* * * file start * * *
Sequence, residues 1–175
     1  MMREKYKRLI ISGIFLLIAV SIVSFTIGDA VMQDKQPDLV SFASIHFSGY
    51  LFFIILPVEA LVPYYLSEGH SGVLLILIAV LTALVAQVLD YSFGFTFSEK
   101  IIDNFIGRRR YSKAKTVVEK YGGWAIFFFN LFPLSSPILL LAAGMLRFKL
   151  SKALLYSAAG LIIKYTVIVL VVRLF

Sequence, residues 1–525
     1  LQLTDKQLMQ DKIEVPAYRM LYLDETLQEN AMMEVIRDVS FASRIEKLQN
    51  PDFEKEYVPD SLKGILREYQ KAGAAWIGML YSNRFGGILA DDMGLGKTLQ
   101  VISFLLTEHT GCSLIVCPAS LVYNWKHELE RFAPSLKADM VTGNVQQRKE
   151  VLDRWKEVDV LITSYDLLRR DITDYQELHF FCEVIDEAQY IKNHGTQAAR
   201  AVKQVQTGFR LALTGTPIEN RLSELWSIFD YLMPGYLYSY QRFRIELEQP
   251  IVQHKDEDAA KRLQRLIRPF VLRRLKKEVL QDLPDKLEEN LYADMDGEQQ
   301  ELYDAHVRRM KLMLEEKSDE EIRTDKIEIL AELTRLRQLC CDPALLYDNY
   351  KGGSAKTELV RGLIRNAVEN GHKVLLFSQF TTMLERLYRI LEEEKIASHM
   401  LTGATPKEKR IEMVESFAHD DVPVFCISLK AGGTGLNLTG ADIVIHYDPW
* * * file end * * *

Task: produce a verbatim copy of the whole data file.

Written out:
Sequence, residues 1–175
     1  MMREKYKRLI ISGIFLLIAV SIVSFTIGDA VMQDKQPDLV SFASIHFSGY
    51  LFFIILPVEA LVPYYLSEGH SGVLLILIAV LTALVAQVLD YSFGFTFSEK
   101  IIDNFIGRRR YSKAKTVVEK YGGWAIFFFN LFPLSSPILL LAAGMLRFKL
   151  SKALLYSAAG LIIKYTVIVL VVRLF

Sequence, residues 1–525
     1  LQLTDKQLMQ DKIEVPAYRM LYLDETLQEN AMMEVIRDVS FASRIEKLQN
    51  PDFEKEYVPD SLKGILREYQ KAGAAWIGML YSNRFGGILA DDMGLGKTLQ
   101  VISFLLTEHT GCSLIVCPAS LVYNWKHELE RFAPSLKADM VTGNVQQRKE
   151  VLDRWKEVDV LITSYDLLRR DITDYQELHF FCEVIDEAQY IKNHGTQAAR
   201  AVKQVQTGFR LALTGTPIEN RLSELWSIFD YLMPGYLYSY QRFRIELEQP
   251  IVQHKDEDAA KRLQRLIRPF VLRRLKKEVL QDLPDKLEEN LYADMDGEQQ
   301  ELYDAHVRRM KLMLEEKSDE EIRTDKIEIL AELTRLRQLC CDPALLYDNY
   351  KGGSAKTELV RGLIRNAVEN GHKVLLFSQF TTMLERLYRI LEEEKIASHM
   401  LTGATPKEKR IEMVESFAHD DVPVFCISLK AGGTGLNLTG ADIVIHYDPW